I’d heard of it before. Bandied around like all those things that come with motherhood. Stretch marks. Night feeds. Tiredness. Mother’s guilt. Guilt? I thought. What have I to be guilty about?
I’ve just given up a year of my own body to bear this child. I’d gone through all the hoops, all the heartburn, the surgery birth and I was living in a baby bubble, strapped to the house, never leaving the suck monster’s side. Toilet trips were put off for hours. Showering intervals could last days.
I gave so much of myself to this needy little thing that I just couldn’t grasp what there was to be guilty about. I felt like a saint. I felt I should be worshipped, or at least a shrine put up at my front door. New Mom lives here. BIP (Breastfeed in Peace).
And then a few things happened. A family member offered to babysit. We got out for a night. We spent it in silence, shell-shocked to be out in public. Apparently the whole world had just been getting on with things while we HAD A BABY.
The night was spent checking the phone, texting, ‘is all ok?’, waiting for rapid responses and then giving up and calling anyway. Was this the mother’s guilt they talked about?
I got a new job and went back to work. And on that first day, as I sat, pumping in my car, I thought about the bundle at home. My whole life, back at home and I was not with her. There it landed, with a big, bloody bang: mammy guilt.
I never felt anything like it. I thought I am the worst mother in the world. I probably shouldn’t have been even let have a baby. I started thinking about the future therapists my child would have to see. I thought, for sure, this is the worst feeling there can be.
But, over time, things got better. Both I and baby got used to being separated on the days I worked. We went from pumped milk, to formula, to her not even needing a feed when I came in from work. She was growing and she was fine. We had enough mammy and baby time for no bonds to be broken. We were grand!
And as things progressed and life settled back down, and I realised I could work and raise a baby and do things that I had always wanted to do, a new feeling arrived. Secondary Mammy guilt. Selfish Mammy guilt.
This is a different type of guilt entirely. This is a self-interested, chosen neglect. Instead of being forced into abandoning my child for work and other such necessary bill-paying vocations, this was a wilful separation from baby. Or, more often, a decision to ignore baby while I got on with what I had to do.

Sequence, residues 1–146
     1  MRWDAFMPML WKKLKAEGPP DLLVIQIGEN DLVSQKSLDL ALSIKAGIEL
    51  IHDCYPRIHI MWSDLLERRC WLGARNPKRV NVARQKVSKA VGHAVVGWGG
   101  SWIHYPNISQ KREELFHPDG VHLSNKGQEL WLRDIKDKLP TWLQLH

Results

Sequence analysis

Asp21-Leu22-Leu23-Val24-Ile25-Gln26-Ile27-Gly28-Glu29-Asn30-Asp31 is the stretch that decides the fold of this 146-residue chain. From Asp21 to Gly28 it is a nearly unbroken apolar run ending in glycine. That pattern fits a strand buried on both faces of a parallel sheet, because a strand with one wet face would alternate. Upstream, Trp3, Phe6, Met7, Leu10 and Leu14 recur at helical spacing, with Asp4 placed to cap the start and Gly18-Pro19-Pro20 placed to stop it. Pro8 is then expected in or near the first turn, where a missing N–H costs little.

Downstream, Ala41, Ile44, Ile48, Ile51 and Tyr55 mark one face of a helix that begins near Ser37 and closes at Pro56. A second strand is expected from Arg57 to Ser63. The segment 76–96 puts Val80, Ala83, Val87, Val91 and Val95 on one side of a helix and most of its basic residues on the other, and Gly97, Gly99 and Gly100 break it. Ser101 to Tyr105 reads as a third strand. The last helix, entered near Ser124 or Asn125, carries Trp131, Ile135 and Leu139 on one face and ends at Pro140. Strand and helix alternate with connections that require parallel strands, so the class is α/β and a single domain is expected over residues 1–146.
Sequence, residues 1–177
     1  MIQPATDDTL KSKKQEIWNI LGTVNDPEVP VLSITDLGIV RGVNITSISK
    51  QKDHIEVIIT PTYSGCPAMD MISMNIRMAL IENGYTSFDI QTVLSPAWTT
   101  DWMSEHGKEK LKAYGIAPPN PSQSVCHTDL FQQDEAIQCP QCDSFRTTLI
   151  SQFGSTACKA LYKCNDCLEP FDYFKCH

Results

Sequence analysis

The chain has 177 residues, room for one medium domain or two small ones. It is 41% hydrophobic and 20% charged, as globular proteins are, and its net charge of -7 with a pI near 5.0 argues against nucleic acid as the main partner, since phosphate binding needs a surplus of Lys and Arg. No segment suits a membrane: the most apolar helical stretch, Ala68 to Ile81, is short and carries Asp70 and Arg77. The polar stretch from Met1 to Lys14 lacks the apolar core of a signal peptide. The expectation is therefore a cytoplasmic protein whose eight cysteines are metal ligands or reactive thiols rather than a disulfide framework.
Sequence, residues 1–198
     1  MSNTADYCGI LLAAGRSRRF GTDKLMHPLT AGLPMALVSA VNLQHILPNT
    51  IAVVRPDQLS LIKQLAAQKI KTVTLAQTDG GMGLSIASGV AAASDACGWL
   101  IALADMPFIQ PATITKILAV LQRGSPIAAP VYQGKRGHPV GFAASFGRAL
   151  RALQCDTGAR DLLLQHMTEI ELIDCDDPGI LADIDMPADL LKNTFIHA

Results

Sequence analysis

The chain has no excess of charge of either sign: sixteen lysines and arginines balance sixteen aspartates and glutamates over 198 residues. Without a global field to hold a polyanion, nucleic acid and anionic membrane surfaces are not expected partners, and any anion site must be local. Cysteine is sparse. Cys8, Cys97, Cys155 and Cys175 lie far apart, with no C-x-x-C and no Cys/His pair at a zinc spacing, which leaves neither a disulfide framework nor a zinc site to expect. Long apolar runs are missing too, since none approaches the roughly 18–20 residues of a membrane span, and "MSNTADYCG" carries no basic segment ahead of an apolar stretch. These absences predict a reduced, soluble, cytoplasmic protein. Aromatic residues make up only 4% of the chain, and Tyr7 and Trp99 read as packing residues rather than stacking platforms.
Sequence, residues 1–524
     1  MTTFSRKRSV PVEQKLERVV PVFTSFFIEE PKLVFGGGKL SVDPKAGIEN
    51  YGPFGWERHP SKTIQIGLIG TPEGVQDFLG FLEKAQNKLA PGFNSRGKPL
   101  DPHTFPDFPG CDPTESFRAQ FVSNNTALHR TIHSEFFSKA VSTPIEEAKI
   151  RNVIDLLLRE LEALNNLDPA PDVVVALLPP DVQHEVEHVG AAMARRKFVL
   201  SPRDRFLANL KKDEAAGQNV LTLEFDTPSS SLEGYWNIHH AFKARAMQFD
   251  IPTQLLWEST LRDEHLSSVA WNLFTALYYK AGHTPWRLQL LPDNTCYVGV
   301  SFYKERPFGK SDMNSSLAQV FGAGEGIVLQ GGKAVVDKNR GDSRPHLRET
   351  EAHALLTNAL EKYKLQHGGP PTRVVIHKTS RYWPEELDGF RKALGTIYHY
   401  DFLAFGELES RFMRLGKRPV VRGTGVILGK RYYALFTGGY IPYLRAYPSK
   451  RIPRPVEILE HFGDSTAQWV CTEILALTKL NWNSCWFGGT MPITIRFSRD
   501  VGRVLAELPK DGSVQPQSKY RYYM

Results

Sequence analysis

Housework was no longer abandoned. I washed the floor with her strapped to my leg, sometimes whining. I cooked and threw scraps at her, like a little dog at my feet.
I learned loads of ways to keep her quiet. Cupboards were tiny paradises of ten minutes of peace for me, ten minutes of magical exploration for her. Oh look, tinfoil!
Soon I progressed from house work to the odd checking of email or sitting down for a few minutes with my phone. I got back to taking some ‘me-time’.
I found myself putting deadlines on my desk. A blog post had to go up – in the next few minutes! An article I was writing had to be finished – tonight! That book I was writing – for no-one in particular – well if I didn’t get two hours work in each night, I was furious.
“Who are these deadlines for?” my husband asked, frustrated at my devotion to work and not our baby.
“Me,” I’d say. “For me, I HAVE to do them.”
“But do you?” he said, logically. “Will the world fall apart, if you get something done this week?”
And with that one little man-to-wife chat, the whole world I’d created came tumbling down. This ‘office from home’ was abandoned. I realised I had brought work into my home life, because I missed it; the buzz of the deadline; the feeling of worth, the thought that I was more than just a mum. I was a person.
Now, we have tried to compromise. I still work, but I’m careful to do it to suit baby. I don’t get out the laptop until she’s down for a nap or in bed for the night. If I plan on doing work and she doesn’t feel like going to sleep, I no longer have a conniption and just breathe deep and get on with minding her.
I’m sure this all sounds terribly selfish and not very good mammy-ish. And you know, maybe I am just a bit of a selfish mammy. But I can’t help it. I spent 30 odd years working towards my own goals and future. I can’t just abandon it now.
And I think about my own little girl’s future. I plan on teaching her everything I valued along the way. Education. Personal growth. Hard work. Commitment. Would I want her to throw all her hard work away when her babies come along?
Probably not. And by that time, I’ll most likely be the doting granny in the corner, sending selfies with my grandchild, on whatever the equivalent of Facebook is by then. And I’ll offer to let her get on with what she needs to do. Because I’ll always understand the need for ‘me-time’ on ‘mammy time’. Even if it is on ‘granny time’.
Have you ever experienced Mammy guilt? Would love to hear your feelings on this subject and how you coped.